So, that started about ten years ago. About five years ago, there was a transition that started because security began to get more and more important. So, what has happened is there has been a shift in the last couple of years to adding on to what an SBOM is so that we can essentially talk more about security issues and identify vulnerabilities and add information like cash totals so that you can do reproducible builds of the component. So, a lot of information to be able to help lockdown the component and also identify through links out to the national registries of vulnerabilities you know, what current and emerging vulnerabilities the component has because that’s the kind of information necessary so you can make an educated decision about “Do I want to rely on this component from the standpoint of the software that I’m building?” 

And Alan, you’re exactly right, 98 percent of the organizations that were in our survey use opensource software and 95 percent of them were concerned about software security. So, yes, SBOMs are not a solution to the security problem but they are a great enabler to being able to help solve security problems. So, let me just kind of run down what’s in an SBOM. 

You got a software identifier, you have identification of software dependencies, you’ve got license information, you have a link to known vulnerabilities because that can be potentially a kind of complex — that’s an ever-changing, complex list so you don’t want to package that in the SBOM but you do want a link so you can go out and at any time either push, pull, find out what those vulnerabilities are. You’ve got a hashtag that will allow you to verify the integrity of the component. The information in an SBOM is machine-readable and generatable. And it really provides organizations with a good way to understand risk and mitigate risk when it comes to the opensource components that they use. And ultimately, the closed-source ones as well. 

Okay, so that’s kind of a rundown of what’s in an SBOM. Now, from the standpoint of the research that we did, you know, I got together with a lot of experts and we’ve got quite a few inside the Linux Foundation. So, we put our heads together to build the survey instrument. We went out into the field August of last year so we are a couple months behind the executive order. I think that was useful to some extent. When we surveyed organizations, 80 percent of them — actually 79 percent of them — were end-use organizations and 21 were vendors. So, I wanted a smattering of vendors in there because I thought the vendor perspectives may be a little different than end-users. Worldwide survey, 45 percent America, 40 percent EMEA, 15 percent AP. The source came from a panel provider that I have used a lot and very trustworthy in the IT space as well as Linux Foundation community. 

I was very nervous being new to the Linux foundation about the integrity of the community so I did significance testing against the Linux Foundation sample versus the sample I got from a third party. Oddly enough — because I thought there would maybe be a bias, a pro-SBOM bias built into the Linux Foundation community. What happened was just the opposite. We found that in the third panel senior IT guys at organizations, from that view of the world, they were actually more big for SBOMs than the Linux Foundation. That was just remarkable.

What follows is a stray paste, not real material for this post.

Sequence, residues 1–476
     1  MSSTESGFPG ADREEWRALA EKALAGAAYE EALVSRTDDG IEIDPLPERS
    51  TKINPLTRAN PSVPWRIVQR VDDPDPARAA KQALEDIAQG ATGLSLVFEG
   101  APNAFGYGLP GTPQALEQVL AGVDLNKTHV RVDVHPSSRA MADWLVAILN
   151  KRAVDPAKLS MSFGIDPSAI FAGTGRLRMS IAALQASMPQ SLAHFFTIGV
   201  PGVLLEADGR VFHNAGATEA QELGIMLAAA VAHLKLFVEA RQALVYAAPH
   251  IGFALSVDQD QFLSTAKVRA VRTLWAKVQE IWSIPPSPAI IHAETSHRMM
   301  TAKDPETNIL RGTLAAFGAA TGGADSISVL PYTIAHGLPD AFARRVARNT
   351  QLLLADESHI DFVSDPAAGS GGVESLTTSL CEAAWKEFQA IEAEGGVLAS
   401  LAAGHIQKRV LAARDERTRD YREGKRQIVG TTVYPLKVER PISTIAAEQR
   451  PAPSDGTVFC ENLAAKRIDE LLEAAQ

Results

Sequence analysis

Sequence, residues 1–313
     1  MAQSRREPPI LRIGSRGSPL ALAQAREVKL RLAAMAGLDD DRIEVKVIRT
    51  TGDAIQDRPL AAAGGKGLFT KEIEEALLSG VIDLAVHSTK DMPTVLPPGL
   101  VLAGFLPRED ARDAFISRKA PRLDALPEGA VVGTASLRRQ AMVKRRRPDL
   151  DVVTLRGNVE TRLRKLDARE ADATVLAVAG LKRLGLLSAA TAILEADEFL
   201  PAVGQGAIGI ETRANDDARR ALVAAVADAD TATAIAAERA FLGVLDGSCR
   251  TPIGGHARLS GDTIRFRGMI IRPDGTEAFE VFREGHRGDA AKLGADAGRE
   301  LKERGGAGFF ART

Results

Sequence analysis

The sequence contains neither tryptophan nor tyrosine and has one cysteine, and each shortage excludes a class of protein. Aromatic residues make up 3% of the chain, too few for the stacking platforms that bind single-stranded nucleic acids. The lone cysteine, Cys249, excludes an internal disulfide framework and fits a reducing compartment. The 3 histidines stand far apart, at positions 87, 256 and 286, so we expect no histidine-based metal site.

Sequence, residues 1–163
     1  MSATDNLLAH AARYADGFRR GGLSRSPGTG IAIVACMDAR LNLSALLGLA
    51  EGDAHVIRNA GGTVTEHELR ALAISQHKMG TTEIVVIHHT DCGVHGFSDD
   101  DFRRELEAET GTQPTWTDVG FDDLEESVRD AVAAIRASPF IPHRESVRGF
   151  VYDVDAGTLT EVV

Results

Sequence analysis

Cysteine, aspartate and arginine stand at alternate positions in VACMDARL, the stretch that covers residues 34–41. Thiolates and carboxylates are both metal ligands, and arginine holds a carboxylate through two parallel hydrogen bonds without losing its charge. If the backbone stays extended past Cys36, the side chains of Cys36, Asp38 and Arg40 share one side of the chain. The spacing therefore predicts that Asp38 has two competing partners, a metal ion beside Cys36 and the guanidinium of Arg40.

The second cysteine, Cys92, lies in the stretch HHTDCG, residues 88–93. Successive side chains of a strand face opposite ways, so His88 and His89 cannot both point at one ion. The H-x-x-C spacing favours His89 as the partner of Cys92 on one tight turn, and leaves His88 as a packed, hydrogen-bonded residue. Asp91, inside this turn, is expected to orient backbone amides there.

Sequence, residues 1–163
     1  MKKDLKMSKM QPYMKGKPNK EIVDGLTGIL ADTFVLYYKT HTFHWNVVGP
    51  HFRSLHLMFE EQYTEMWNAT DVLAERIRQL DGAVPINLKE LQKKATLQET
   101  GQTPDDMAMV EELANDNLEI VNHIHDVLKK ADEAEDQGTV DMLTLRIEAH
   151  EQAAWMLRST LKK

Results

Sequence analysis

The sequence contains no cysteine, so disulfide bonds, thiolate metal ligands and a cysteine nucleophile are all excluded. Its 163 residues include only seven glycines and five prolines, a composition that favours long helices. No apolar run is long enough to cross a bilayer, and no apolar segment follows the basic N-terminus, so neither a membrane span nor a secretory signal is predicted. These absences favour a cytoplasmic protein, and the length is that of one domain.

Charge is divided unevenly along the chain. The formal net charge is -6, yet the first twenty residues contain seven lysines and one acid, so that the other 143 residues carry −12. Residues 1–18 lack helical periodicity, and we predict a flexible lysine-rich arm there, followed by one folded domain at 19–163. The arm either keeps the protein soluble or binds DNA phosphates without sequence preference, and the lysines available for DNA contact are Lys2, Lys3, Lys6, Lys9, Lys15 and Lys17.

So, I was actually sort of glad to see that in some ways. I mean, I think ultimately, at the end of the day, I’d like there to be no significant difference between the samples but I’ll take this one as a win and because of the stronger emphasis of the panel on SBOMs, that means that the data I’m going to be talking about is actually somewhat more conservative in its orientation because it’s being pulled down by what the Linux Foundation community members said. 

Okay, so that’s what we did. We published this survey just yesterday. If you want the results, the report I wrote — the 72-page report — is on the Linux Foundation site. If you just go to the homepage on Linux Foundation, you can click on the press release. In that press release, there is a link to where you find the survey on the site — not the survey, I mean the report. 

Shimel: Nice. The results now. 

Hendrick: That’s right. It was sort of a longwinded but there’s a lot of good data in there and I’m sure it will be really interesting to a lot of people. So, let me talk about just some of the important findings. I think this is probably what we want to spend the rest of the time on. Then, we can decide once I’ve given you the important findings, we can figure out where to go from there. So, as I mentioned, I didn’t know anything about SBOMs before I showed up at Linux Foundation although I understood DevOps and DevSecOps. So, one of the things I wanted to do was — I wanted, in a very structured way to understand what is the adoption of SBOMs because I was very concerned that very little was going on out there in the industry. I mean, none of the vendors were talking about it seemingly at least not back in the era of when I was designing this survey instrument. 

So, the software SCA vendors, the software composition analysis, guys probably came the closest. I know those guys have been working on this for a while although I still hadn’t heard much about SBOM terminology. So, I wanted to find out what kind of penetration is going on? What’s the adoption? What’s happening out there? What is really remarkable is that — so, I have a series of questions that I asked on both the production and consumption side of SBOM because, you know, if you’re a vendor, you’re going to be producing them because they’re going to have to go along with the commercial software you’re selling. If you’re an end-user, you’re more likely to be consuming them and wanting to be able to understand dependencies and vulnerabilities so you can make the right decisions about how to use the potential components. So, what we found was that 47 percent of organizations today are producing and/or consuming SBOMs.